“Texting is more convenient for everyone involved because it allows you to respond on your own time. If it is urgent though, I would call, so if anyone calls me, I am expecting that something bad has happened.”
“It depends on the age of the person I’m trying to reach, but usually I text first. Pretty much all my close friends are introverts with crazy work hours, so texts are just the right way to start on a conversation for people like us. 🙂 We usually text to arrange a good time for a ‘real’ phone call.”
“Urgent? Call. Casual? Text.”
“If I need something important or quickly, I would call because I feel like people are more likely to answer a call. They can ignore a text for as long as they want!”
“Call — If it is urgent, I can talk and get to the point a lot faster on the phone than through text.”
Is a hot dog a sandwich?
“No. I think the direction of the toppings matters. Toppings layered between the bread in a vertical stack? Sandwich. That is why hot dogs and tacos aren’t sandwiches, because they are eaten horizontally.”
“No. Just no.”
“A hot dog is not a sandwich. A sandwich, according to dictionary.com, is ‘an item of food consisting of two pieces of bread with meat, cheese, or other filling between them.’ Hot dogs use a single bun, putting them into their own category of food (see also: calzones).”
“No, it is a class of its own. You don’t grill out and have a sandwich, it’s a hot dog for sure.”
“No. Technically, it only has one piece of bread. A sandwich needs two pieces … right?”
“No. Sandwiches have lunch meat or salad in them. If you say ‘sandwich,’ your mind pictures lunch meat, not a burger, not a quesadilla, not a grilled chicken sandwich from Wendy’s, and not a hotdog. I don’t know of anyone who uses “sandwich” to refer to anything other than a lunch meat sandwich — even salad sandwiches are specified as egg/chicken salad sandwiches.”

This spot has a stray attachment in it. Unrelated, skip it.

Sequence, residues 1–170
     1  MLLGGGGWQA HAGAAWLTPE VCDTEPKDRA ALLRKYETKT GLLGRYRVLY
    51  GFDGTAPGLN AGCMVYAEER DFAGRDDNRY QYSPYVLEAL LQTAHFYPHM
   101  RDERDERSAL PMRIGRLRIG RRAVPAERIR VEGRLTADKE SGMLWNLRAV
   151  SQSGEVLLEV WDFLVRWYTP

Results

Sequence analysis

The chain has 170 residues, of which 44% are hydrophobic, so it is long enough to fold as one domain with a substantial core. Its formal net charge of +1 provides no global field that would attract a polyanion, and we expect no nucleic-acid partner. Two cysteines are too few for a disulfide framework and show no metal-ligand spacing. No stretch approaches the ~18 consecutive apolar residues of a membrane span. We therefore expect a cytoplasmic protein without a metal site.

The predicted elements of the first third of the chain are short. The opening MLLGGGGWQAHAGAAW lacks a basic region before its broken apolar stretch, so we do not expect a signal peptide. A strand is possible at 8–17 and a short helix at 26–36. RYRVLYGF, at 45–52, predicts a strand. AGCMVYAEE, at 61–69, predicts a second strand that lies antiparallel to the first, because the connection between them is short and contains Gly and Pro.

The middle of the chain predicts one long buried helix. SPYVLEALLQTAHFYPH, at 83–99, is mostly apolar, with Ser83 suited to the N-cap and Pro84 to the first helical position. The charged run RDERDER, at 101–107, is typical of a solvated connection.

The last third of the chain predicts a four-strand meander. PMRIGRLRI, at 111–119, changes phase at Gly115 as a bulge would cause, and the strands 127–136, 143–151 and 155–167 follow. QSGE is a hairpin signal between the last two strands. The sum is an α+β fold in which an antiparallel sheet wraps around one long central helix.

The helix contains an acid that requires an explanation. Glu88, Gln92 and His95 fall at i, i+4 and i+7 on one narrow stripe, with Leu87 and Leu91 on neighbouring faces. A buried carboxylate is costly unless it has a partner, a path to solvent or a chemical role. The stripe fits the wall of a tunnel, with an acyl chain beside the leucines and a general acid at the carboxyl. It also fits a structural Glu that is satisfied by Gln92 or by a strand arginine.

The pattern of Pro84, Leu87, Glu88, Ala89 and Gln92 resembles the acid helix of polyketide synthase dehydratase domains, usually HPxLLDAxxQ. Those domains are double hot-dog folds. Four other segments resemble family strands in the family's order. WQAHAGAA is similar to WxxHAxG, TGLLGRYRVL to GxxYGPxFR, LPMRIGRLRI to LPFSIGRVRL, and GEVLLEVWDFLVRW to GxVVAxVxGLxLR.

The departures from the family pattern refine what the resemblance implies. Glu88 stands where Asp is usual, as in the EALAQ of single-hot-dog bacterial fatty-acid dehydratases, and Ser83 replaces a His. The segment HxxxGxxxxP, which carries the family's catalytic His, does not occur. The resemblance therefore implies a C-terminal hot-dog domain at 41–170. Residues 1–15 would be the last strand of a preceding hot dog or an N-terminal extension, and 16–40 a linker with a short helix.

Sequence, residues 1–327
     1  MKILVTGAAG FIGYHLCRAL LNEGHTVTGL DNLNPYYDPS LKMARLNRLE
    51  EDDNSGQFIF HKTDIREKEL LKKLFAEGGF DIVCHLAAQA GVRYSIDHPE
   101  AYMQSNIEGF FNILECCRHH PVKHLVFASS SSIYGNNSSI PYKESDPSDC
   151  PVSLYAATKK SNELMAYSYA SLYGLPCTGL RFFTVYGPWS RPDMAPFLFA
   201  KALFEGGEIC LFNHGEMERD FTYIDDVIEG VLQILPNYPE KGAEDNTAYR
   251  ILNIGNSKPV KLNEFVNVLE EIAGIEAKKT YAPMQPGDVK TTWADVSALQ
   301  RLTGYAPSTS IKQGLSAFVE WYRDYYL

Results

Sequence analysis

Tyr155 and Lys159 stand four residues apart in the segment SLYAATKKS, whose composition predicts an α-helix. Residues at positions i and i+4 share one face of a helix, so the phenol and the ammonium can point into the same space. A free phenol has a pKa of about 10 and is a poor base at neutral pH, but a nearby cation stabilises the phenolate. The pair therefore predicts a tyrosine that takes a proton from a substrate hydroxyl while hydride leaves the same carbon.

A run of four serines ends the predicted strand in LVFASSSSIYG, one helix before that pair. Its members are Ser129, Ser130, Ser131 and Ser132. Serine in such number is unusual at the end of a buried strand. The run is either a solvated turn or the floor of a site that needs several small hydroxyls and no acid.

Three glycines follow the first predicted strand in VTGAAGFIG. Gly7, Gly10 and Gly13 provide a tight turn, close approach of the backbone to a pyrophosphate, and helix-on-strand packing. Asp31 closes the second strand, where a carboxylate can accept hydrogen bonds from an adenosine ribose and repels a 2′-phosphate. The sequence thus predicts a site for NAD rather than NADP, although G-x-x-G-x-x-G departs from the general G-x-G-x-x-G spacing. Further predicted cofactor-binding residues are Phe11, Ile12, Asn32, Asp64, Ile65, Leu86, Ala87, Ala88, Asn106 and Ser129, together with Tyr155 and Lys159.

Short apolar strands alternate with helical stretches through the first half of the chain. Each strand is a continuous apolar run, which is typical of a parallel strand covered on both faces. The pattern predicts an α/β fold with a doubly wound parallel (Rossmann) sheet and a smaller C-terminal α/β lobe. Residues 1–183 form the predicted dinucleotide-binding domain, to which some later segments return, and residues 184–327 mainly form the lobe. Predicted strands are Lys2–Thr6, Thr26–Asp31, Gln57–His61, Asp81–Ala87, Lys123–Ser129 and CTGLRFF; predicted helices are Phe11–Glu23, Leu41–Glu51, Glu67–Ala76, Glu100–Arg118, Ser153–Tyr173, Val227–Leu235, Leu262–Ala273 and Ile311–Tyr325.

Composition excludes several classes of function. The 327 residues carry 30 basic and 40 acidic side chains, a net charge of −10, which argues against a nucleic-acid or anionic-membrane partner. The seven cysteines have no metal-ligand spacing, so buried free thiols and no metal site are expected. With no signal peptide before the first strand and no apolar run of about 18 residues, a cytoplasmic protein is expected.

“My instinct is no, but I suppose it meets all the requirements.”
“I think it’s more like a sandwich than not like one … kind of like a narrow Penn Station sub.”
“Yes. It’s meat and toppings between two pieces of bread. Formula met.”
“Guess what? A hamburger is a sandwich too!”
Here are some other (un)popular opinions from the Innovative Publishing team:
“GIF is pronounced with a J sound. The creator of the format said so. Even though the creator of something isn’t always the person with the most logical opinion (see almost everything J.K. Rowling has said post-Harry Potter and the Deathly Hallows), I just think it sounds better.”
“Gif is pronounced with a G sound, not a J.”
“I don’t care about comic book movies. I think they’re boring and predictable and there’s way too many of them.”
“Tobey Maguire is the best Spiderman.”
“Always stay calm, critically think about and evaluate all sides of an argument (especially the side you don’t agree with).”
“There are fewer things more enjoyable in life than a perfectly organized Excel spreadsheet.”
“White can be worn any time of year, even after Labor Day.”
Meg Kennedy is an editor at Innovative Publishing. She can be reached at firstname.lastname@example.org.